Steven Johnson, 2010: Where Good Ideas Come From: The Natural History of Innovation. New York: Riverhead Books.

Steven Johnson is all about crossing borders. His books deal with a great variety of topics, ranging from London’s most terrifying cholera epidemic  (“The Ghost Map“) to a praise of popular culture (“Everything Bad is Good for You“). And also in his most recent book, Steven Johnson crosses disciplinary and historical borders, when he, in his own words, “analyzed 300 of the most influential innovations in science, commerce and technology — from the discovery of vacuums to the vacuum tube to the vacuum cleaner”.

The list of reviews and summaries of the book availble online is endless, including a TED talk given by the author himself and a great video summary featured above. So I am not going to reproduce any of these but very selectively refer to one of the examples presented in the book that relates most to the issues discussed in this blog. This example is the web-based patent marketplace GreenXChange, where Nike publicly released more than 400 of its patents that involve environmentally friendly materials or technologies. Johnson discribes rationale and realization of the project as follows (p. 125):

“By keeping its eco-friendly ideas behind a veil of secrecy, Nike was holding back – without any real commercial justification – ideas that might, in another context, contribute to a sustainable future. In collaboration with Creative Commons, Nike released its patents under a modified license permitting use in ‘non-competitive’ fields.  (They also created a standardized, pre-negotiated contract for patents, thereby reducing the transaction costs of haggling over each patent license individually.)”

This is the first example, at least to my knowledge, where Creative Commons was active in standardizing licenses outside of the field of copyright regulation (see the respective announcement on its blog). Moreover, it demonstrates how similar problems and solutions in both so-called “hemispheres” of intellectual proporty – patents and copyright – might be after all. Hopefully, I will soon find the time to do some comparative studies on private regulation in both these fields.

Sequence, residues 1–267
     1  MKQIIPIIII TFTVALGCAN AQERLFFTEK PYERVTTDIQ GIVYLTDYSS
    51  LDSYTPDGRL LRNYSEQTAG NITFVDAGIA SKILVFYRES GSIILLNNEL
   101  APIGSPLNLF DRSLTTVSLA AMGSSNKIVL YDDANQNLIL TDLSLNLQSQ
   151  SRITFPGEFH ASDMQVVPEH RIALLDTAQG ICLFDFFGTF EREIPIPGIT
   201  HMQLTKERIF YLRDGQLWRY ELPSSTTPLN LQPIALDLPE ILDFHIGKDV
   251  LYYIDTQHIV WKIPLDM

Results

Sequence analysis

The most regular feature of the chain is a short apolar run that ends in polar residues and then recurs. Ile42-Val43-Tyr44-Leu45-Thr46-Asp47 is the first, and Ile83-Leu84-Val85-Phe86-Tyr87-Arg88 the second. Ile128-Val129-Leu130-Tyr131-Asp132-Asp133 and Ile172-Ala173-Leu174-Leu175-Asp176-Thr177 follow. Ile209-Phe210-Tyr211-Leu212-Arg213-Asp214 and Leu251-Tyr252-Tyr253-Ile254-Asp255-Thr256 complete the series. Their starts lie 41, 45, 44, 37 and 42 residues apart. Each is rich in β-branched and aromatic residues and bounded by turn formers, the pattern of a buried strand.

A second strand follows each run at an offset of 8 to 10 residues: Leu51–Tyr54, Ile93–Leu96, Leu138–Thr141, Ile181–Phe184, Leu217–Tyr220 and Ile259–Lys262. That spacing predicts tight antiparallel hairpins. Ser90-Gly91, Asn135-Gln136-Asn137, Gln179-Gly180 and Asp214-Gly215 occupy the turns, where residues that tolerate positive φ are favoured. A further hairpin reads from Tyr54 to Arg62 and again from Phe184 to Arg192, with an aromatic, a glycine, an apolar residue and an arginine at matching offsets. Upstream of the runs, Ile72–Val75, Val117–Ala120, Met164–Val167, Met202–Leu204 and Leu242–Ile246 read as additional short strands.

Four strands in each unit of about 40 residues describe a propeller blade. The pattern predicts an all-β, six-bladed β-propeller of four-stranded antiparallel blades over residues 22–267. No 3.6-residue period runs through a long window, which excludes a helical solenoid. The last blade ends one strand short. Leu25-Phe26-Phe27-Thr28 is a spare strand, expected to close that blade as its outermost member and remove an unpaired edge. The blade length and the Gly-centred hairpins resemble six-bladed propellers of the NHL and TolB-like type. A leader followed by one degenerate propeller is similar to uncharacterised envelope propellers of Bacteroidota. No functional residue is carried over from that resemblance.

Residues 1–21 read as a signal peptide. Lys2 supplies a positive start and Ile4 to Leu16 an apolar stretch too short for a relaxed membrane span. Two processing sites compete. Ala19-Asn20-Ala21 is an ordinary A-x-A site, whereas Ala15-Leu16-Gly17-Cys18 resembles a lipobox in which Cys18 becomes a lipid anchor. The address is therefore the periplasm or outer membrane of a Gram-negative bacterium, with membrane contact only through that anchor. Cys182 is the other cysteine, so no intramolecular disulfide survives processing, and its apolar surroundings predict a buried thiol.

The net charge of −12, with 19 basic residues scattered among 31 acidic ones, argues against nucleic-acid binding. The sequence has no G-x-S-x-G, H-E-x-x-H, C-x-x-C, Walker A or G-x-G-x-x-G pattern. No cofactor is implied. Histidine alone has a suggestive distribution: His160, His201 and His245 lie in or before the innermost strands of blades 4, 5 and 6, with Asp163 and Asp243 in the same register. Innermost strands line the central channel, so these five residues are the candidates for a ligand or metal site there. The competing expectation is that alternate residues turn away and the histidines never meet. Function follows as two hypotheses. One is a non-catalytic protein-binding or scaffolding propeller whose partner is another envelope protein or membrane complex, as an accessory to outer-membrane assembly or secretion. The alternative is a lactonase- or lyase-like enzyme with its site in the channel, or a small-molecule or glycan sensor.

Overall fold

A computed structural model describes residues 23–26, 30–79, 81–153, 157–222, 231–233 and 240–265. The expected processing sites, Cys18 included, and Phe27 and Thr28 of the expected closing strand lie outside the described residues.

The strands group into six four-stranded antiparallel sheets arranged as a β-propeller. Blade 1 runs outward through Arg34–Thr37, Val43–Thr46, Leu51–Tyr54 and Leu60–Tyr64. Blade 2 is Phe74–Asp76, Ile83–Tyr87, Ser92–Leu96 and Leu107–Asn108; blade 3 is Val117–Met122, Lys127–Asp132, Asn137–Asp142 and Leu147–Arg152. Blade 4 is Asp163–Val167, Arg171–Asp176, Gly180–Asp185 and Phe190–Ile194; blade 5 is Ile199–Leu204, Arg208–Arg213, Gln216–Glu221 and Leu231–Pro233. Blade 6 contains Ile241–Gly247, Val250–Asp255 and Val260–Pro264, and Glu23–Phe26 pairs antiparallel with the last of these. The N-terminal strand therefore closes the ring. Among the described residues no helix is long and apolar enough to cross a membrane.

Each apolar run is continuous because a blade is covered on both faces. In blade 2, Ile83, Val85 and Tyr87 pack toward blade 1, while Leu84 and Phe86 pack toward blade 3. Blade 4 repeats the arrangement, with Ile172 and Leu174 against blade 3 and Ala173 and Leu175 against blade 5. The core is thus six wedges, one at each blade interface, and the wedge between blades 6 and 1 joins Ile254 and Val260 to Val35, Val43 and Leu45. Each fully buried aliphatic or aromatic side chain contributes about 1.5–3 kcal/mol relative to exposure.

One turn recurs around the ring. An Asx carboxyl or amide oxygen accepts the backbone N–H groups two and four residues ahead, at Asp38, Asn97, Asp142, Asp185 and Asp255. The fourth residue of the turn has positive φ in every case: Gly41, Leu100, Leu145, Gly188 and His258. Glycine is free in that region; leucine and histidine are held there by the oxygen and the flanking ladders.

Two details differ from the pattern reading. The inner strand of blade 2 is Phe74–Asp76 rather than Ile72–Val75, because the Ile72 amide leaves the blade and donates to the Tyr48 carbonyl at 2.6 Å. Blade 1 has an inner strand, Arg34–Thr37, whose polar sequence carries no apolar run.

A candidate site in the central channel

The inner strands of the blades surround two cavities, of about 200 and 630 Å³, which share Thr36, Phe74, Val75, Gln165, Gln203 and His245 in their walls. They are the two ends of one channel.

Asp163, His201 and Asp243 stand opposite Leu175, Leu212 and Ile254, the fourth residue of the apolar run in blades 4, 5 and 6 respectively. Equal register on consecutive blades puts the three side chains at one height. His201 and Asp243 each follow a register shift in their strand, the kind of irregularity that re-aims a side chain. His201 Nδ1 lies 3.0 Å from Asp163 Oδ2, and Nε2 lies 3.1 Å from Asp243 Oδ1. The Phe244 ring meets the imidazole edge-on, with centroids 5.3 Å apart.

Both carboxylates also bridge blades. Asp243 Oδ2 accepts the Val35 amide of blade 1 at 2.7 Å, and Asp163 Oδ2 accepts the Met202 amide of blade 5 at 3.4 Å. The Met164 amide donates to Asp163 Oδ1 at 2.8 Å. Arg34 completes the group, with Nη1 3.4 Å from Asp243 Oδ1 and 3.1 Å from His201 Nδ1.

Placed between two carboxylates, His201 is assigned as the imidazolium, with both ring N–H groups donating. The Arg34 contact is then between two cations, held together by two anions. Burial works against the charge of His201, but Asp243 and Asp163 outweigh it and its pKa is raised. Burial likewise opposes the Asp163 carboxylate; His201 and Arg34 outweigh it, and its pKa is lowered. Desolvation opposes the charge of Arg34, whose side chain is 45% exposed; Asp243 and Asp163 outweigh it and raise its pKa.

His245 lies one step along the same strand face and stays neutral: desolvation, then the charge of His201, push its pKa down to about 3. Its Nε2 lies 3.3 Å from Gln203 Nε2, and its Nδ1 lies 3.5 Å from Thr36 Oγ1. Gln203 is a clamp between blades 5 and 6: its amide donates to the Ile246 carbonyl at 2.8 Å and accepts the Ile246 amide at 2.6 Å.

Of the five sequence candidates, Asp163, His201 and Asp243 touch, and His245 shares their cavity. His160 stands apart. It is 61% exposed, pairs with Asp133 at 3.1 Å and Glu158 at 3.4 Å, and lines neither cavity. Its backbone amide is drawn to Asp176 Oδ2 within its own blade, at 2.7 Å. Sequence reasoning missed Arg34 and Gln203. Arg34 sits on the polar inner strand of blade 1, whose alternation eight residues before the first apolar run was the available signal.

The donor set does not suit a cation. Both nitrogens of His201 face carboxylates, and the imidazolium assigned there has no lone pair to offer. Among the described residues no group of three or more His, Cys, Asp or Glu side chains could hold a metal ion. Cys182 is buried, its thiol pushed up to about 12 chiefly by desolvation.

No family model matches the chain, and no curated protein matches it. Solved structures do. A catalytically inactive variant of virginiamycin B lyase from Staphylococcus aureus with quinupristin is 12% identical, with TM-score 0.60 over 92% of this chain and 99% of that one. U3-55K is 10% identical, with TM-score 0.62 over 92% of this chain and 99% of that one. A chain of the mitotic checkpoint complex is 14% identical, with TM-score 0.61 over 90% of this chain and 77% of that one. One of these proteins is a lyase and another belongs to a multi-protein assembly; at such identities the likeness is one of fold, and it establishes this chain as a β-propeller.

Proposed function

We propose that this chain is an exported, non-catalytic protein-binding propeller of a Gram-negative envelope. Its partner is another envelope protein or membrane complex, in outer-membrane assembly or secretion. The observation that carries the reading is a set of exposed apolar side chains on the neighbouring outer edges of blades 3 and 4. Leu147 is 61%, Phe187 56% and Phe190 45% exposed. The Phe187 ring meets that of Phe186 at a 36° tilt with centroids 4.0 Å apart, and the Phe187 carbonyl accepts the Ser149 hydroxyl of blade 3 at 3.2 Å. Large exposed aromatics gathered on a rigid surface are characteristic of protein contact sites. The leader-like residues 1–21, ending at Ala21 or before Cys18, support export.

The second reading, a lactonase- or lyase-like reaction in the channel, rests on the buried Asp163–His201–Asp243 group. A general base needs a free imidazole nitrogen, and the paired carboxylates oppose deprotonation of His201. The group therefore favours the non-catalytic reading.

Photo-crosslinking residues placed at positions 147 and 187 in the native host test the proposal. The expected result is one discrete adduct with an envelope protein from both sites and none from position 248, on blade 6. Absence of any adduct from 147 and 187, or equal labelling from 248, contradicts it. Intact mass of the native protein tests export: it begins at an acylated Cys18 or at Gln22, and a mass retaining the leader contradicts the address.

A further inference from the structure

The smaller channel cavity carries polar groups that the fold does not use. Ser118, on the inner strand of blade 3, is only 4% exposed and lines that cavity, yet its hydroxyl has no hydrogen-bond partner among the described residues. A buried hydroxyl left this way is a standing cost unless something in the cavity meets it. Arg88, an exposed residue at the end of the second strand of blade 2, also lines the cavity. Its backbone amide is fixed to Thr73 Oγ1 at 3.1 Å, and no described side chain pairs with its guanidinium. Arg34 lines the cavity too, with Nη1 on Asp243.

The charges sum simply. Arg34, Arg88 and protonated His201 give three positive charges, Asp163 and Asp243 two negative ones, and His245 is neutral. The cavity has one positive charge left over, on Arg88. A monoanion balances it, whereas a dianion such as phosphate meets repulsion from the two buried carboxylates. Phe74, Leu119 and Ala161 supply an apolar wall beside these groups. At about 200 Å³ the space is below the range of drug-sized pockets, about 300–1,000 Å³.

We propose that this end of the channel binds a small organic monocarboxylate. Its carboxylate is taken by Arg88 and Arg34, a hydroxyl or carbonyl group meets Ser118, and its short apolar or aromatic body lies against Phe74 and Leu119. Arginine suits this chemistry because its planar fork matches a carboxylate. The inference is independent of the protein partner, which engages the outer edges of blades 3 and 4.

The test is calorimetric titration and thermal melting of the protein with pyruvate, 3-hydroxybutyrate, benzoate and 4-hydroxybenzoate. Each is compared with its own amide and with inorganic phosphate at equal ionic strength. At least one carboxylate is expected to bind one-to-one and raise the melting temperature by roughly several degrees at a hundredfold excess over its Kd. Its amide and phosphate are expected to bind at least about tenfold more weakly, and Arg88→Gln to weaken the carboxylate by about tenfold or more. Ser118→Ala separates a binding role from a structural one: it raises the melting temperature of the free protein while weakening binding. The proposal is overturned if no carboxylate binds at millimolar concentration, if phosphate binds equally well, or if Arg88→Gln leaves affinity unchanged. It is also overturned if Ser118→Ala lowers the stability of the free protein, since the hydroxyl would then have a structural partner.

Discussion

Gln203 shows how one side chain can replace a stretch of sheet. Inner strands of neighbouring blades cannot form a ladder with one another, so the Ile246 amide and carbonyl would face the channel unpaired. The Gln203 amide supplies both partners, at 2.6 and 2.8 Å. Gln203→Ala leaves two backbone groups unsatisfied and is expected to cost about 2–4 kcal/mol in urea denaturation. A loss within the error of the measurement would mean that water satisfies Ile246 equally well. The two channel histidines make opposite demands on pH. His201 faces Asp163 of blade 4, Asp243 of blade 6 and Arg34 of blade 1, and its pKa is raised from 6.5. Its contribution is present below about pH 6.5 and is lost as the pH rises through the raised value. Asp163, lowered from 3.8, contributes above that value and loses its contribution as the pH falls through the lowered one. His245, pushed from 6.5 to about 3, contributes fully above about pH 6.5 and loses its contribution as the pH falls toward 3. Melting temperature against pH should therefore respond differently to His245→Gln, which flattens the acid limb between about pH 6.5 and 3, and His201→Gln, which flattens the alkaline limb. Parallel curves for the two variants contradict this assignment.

Book review:

Milford Bateman, 2010: Why Doesn’t Microfinance Work? The destructive rise of local neoliberalism. London: Zed Books.

Since the inception of this blog, one issue which has been critically explored again and again is the dominant position of microfinance in the field of international development. For instance, a series of blog posts in early 2009 was aimed at unmasking the popular myths spun by microcredit’s advocates, from presumed gender empowerment to the purported win-win situation in which profits would go hand-in-hand with social impacts. More recently, we followed how, in the wake of two high-profile randomised studies which failed to show increases in poor people’s income, even some mainstream media have begun taking a more critical view of microfinance.

Indeed, 2009 and 2010 may have brought some disillusionment to many who believed that small loans would create “a world without poverty”. But still the microfinance industry and its epistemic community remain fiercely defensive of the reputation as a solution to poverty; still the international donor community unquestioningly pours money into a concept with much promise but little proof; and still Muhammad Yunus’ award shelf continues to fill up with precious metal as the hype around microfinance continues to enthrall the socially-concerned masses.

A few full-fledged books critiquing present microfinance practices may have been published to date, but these have addressed themselves mainly to microfinance insiders and development experts. Milford Bateman’s brand-new book (released this summer) however is the first critical book capable of crossing the border between academia and the lay world; it reaches out to convince a wider audience of questioning those accepted wisdoms which underlie the first big development hype of the 21st century. Read the rest of this entry »

The Book

Governance across borders: transnational fields and transversal themes. Leonhard Dobusch, Philip Mader and Sigrid Quack (eds.), 2013, epubli publishers.
January 2019